Men by Kay Boyle, 1941
The magic trick:
The use of the house as representing the soldier’s dreams of home
We have a very simple magic trick today. I like it, though. The prisoners in the story are forced to build a railroad all day everyday. Their progress brings them closer to a small house near the rail line, and they each adore looking at it. The house becomes a symbol of their pasts, their families, and their longing to go back to their homes.
Boyle doesn’t get fancy with this symbol. It’s not even written as a symbol for the reader to interpret. The characters, within the story, recognize the house as a symbol. No analysis needed. Many critics praise writing that gives the reader room for analysis and interpretation. I’ve heaped such praise on authors myself on this very website (see recent example, “The Chrysanthemums”). “Men” reminds us, though, that the reader isn’t the only smart guy in the room. Sometimes symbolism can work on a whole different level when the characters in the story identify their own symbols. And that’s quite a trick on Boyle’s part.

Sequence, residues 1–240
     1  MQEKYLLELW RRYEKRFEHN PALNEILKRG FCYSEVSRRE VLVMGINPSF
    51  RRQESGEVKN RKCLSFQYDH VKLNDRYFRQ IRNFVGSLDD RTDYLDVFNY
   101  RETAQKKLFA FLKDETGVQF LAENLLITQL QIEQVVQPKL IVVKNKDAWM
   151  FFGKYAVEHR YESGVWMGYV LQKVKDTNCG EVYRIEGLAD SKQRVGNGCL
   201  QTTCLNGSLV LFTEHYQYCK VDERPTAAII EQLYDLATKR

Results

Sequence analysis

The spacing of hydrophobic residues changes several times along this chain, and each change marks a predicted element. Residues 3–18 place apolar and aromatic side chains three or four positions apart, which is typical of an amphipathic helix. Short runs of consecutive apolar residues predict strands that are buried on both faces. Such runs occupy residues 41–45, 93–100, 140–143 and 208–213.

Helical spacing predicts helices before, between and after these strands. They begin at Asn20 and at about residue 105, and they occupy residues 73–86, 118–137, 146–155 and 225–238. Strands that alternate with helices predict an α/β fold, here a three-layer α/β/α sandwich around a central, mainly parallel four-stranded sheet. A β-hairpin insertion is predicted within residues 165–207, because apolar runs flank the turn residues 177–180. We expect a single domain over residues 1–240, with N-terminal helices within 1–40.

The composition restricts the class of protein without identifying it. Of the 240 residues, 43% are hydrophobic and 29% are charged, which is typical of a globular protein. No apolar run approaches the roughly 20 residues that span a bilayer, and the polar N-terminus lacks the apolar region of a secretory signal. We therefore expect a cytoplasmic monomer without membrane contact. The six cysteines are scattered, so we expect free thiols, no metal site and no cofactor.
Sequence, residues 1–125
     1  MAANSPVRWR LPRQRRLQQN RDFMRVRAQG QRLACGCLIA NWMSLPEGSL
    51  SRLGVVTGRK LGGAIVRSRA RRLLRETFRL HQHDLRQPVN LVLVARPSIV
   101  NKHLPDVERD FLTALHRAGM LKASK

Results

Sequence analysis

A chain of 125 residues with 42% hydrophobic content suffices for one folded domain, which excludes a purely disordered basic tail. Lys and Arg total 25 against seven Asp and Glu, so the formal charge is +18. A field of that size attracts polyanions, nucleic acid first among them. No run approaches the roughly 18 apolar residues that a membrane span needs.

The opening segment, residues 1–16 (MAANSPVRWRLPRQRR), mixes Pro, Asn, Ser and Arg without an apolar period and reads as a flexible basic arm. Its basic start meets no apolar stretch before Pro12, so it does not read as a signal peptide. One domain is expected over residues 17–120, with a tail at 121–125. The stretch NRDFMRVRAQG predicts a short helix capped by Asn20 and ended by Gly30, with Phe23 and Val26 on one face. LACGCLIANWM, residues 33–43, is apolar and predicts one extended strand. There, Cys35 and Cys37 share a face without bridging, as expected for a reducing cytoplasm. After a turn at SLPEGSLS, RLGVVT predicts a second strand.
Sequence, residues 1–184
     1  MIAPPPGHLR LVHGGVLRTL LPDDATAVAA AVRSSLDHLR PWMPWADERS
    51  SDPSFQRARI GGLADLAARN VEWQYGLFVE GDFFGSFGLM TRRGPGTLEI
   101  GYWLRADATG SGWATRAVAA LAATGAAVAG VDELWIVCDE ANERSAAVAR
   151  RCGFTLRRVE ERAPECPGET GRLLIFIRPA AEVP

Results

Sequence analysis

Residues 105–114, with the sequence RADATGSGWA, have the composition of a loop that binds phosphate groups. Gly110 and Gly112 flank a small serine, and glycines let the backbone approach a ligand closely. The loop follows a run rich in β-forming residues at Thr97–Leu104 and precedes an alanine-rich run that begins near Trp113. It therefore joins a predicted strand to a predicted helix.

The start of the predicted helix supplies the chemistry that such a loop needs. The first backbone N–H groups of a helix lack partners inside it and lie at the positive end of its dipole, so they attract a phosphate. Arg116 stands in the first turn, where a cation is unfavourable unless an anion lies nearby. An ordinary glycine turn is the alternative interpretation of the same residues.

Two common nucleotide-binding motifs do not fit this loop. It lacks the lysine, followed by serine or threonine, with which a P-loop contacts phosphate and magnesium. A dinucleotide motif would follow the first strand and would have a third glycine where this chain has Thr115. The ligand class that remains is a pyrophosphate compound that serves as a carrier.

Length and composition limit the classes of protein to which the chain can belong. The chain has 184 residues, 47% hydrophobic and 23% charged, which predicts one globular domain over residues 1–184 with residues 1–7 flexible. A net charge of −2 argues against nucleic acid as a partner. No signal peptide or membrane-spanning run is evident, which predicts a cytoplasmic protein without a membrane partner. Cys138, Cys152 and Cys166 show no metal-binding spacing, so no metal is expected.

But if the Baron looked now and again at the mountain, the other men had had enough of scenery: it was the house they liked to look toward down the road. The seven months they had spent in internment had altered their eyesight for them so that the little house appeared singularly sweet and touching to them; it had a homely, nearly familiar look to them all as if they had seen it somewhere before in another country.